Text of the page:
• The iron ore formations underlie the clay formations. The iron ore formations vary from friable ore to powedery ore. At places, friable ore is followed by powdery ore though friable ore is absent at many places and only powdery ore is encountered. The available lithologs provided by M/s Chowgule and Company Pvt. Ltd. Indicates that the thickness of powdery ore zone varies from 10 m to 32 m in one of their drilling sites.
  • The top lateritic formation constitutes the unconfined aquifer in the study area. The zone comprising the ore body serves as the confined aquifer. The unconfined aquifer is tapped for extraction of water. All the dug wells located in the Sirigaon village are tapping the unconfined aquifer only.
  • Field visits were undertaken for assessing the water resources in the village in months of August, October and December 2008. Inspection was made for design and implementation of the recharge structures for augmentation of water resources in the month of January 2009. Observation well network was established for measurement of water levels and collection of samples for physicochemical and heavy metal analysis. It is observed that the water table in August’2008 varied from 0.50 m to 6.55 m. In October 2008 and December 2008, it varied from 0.90 m to 10.30 m and 2.70 m to 9.70 m respectively. The groundwater scenario was worse in December 08, when almost all the dug wells in Sirigaon village had dried up. However, the wells from nieghbouring villages had water column even in the month of December, 08.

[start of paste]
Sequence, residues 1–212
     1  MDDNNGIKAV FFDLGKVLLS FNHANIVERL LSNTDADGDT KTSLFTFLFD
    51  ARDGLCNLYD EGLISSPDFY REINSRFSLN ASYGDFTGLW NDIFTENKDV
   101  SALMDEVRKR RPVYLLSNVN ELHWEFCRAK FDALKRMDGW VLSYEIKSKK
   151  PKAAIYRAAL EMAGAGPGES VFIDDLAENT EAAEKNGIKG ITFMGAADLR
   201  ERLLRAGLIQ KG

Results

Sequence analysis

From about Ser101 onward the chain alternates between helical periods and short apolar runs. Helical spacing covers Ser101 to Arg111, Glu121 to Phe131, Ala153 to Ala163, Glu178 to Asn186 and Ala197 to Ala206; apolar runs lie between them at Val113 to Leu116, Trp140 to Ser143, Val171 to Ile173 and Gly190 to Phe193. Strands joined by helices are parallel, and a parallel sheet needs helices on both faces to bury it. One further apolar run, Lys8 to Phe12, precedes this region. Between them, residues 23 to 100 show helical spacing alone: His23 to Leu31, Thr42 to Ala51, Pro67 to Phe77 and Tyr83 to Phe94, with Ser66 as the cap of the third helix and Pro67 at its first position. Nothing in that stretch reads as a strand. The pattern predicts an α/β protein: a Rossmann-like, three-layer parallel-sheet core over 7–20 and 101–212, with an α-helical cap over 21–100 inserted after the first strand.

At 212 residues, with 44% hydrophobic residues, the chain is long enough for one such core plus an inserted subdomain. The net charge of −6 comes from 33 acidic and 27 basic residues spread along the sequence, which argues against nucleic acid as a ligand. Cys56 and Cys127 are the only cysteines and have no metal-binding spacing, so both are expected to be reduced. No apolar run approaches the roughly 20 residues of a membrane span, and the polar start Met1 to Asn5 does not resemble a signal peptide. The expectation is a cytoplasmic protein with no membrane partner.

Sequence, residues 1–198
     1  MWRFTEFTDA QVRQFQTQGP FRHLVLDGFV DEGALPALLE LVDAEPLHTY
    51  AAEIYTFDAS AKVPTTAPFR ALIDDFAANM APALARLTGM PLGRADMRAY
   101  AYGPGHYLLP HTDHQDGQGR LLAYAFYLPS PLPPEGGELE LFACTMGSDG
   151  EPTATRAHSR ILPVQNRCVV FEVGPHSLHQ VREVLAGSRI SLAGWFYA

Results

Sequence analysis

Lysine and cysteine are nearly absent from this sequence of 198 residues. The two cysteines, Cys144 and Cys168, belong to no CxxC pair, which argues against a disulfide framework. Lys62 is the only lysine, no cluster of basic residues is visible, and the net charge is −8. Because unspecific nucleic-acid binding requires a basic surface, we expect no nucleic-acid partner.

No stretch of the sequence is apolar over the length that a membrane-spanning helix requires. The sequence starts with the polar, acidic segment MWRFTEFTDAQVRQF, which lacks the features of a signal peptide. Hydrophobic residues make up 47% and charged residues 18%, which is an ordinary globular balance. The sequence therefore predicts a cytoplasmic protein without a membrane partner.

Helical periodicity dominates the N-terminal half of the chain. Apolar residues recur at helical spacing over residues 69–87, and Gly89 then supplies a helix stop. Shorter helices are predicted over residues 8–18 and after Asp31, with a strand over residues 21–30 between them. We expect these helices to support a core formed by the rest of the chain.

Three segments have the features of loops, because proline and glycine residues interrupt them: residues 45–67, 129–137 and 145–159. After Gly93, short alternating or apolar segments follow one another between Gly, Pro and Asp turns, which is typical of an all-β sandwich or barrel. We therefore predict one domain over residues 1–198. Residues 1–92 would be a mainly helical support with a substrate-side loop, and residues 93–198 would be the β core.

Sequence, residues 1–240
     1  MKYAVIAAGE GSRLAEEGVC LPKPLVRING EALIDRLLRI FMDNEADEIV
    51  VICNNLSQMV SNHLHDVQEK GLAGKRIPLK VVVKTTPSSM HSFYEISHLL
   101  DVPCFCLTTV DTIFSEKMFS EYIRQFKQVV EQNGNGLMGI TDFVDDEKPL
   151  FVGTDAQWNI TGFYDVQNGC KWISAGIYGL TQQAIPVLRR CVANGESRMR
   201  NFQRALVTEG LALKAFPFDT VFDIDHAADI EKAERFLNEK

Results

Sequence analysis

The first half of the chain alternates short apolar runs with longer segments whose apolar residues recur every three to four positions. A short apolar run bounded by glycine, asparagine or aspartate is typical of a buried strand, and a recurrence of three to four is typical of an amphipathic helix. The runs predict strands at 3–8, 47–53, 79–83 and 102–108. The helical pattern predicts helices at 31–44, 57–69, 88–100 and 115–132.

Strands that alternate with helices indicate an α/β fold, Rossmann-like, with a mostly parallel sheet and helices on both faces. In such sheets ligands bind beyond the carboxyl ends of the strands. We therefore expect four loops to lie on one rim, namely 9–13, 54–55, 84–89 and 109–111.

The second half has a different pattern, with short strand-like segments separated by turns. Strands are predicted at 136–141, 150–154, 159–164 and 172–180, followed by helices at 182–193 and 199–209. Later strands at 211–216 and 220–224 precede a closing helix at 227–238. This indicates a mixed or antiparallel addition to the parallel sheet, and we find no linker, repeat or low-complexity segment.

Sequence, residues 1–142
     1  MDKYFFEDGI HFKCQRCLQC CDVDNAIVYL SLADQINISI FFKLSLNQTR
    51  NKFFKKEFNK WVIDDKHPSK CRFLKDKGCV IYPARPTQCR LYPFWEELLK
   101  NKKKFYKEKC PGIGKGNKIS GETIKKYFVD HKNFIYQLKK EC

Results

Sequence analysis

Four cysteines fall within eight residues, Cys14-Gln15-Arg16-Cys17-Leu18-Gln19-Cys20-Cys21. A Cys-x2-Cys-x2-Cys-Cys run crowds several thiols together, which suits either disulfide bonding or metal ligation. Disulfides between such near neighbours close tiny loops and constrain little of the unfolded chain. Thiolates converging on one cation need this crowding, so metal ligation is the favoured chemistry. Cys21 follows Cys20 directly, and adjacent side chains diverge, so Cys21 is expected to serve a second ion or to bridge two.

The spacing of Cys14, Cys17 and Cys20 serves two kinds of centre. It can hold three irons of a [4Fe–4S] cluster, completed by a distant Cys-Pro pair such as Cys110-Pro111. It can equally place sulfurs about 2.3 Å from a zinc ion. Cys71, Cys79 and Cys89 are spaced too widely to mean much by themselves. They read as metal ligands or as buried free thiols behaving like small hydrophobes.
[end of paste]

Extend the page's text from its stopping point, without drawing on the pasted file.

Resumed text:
• The mine pit water levels for all the three mines is below -20 m (amsl). The flow direction is indicative of water flow from the aquifer to the mine pit. Water seepage to the pit from the mine wall on the village side is also noticed during the field visits. Schematic diagram of ground water profile in the Sirigaon and mine area is presented in the Figure.
  • The deepening of the mines has led to loss of recharge area for the dug wells seated at the foot hills of the plateau. Hence, the water scarcity in the viallge dug wells is attributed to the loss of recharge area as well as the deepening of the mine.
  • Water samples were collected from the mining pit of the three companies and dug wells of the Sirigaon viallge. The water samples were analysed for physicochemical parameters and heavy metals levels. The analysis results indicate that the water quality is within permissible limits (BIS 10500:1991) for drinking water as well as for irrigation purpose as per the guidelines (BIS 11624:1986)